Serum vs. Venom was conceived as the antidote to the mass consumer culture that dominates the street wear market. Offering deliberate, meticulously researched and personally tailored items, SVSV is quietly taking over the ideal of luxury and what it means to our generation. Kaya Sorhaindo interviews Designer and Strategist David Gensler to introduce us to the KDU and it’s latest legacy, SVSV.
Tell us about the KDU.
The KDU (Keystone Design Union) is a global creative collective started in 2004 by Jason Bass and David Gensler. It has a dual purpose – first to create and manage a wide spectrum of brands for the global street culture market and secondly, to act as a private network of the worlds top creative and business minds. Sort of a collision of Procter & Gamble with the Free Masons.
SVSV is a Street Luxury brand. We are offering the highestquality street wear on earth, designed for the most demanding individual consumer. We want to use the brand to help our generation pay more attention to the value of things. We want to challenge consumers who would pay $1000 for an “exclusive” limited edition sweat shirt or whatever to simply ask why… why is this worth $1000? Most of the time, upon very little investigation, you quickly realize that there is no good reason to justify the cost. We believe that quality has to drive the value, not merely brand imagery. Brands like Hermes and Armani have strong, well maintained brand images, but are ultimately driven by quality. Our generation needs similar brands created by our generation, not by older established brands looking to target younger demographics.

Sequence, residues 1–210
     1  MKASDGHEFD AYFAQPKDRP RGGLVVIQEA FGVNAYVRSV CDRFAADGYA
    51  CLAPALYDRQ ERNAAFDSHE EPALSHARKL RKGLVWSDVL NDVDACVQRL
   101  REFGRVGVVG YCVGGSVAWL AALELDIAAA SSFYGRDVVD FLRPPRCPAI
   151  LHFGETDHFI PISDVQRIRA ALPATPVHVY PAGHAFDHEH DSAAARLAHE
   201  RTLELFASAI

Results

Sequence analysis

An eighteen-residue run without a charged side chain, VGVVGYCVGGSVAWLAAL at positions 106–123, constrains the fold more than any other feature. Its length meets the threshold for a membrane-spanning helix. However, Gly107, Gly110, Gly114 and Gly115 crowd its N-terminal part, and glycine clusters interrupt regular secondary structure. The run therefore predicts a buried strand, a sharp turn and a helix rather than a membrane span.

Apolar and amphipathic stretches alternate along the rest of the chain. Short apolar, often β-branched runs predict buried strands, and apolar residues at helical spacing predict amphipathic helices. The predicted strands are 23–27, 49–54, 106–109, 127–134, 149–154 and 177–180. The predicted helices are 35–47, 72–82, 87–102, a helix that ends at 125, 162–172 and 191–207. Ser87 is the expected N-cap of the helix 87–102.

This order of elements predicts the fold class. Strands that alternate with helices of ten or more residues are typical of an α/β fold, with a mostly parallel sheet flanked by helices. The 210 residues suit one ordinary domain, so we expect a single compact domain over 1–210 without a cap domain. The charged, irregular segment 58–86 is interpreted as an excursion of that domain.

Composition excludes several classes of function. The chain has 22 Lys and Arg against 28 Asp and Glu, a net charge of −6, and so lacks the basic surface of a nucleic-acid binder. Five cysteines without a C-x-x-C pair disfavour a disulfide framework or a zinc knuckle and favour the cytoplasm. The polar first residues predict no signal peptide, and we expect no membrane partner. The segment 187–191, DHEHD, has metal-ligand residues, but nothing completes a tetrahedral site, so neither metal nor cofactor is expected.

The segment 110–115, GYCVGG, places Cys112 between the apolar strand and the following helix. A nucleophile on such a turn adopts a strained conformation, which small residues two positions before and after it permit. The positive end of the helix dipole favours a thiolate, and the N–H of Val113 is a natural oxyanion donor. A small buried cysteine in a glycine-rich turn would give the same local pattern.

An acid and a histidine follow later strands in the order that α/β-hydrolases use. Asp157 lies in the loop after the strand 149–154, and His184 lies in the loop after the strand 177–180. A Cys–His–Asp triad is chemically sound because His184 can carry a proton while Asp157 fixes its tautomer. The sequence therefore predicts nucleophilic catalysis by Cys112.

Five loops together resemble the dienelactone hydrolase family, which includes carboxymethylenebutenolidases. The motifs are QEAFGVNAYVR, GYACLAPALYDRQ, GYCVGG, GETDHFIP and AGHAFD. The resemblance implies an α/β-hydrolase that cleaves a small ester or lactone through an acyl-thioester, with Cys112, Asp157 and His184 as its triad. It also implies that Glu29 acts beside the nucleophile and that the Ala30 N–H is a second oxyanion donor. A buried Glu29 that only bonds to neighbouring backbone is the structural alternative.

Why Street Luxury?
Street Culture is at the center of the global trend machine – art, design, fashion, literature, gaming, sports, cinema – almost all trends are now spun from the streets. The scale of the culture, connected by technology is greater than any generation that has come before so it’s impact is undeniable and unstoppable. As this generation matures, there are few brands that are meeting their needs. Most people can’t wear dripping graffiti logos or rainbow monkey camo to their day jobs. The culture needs a more elegant option. I am not saying that there is anything wrong with the traditional imagery that drives typical street culture, I am just saying that someone has to recognize and supply alternatives that meet the demands of the maturing market.
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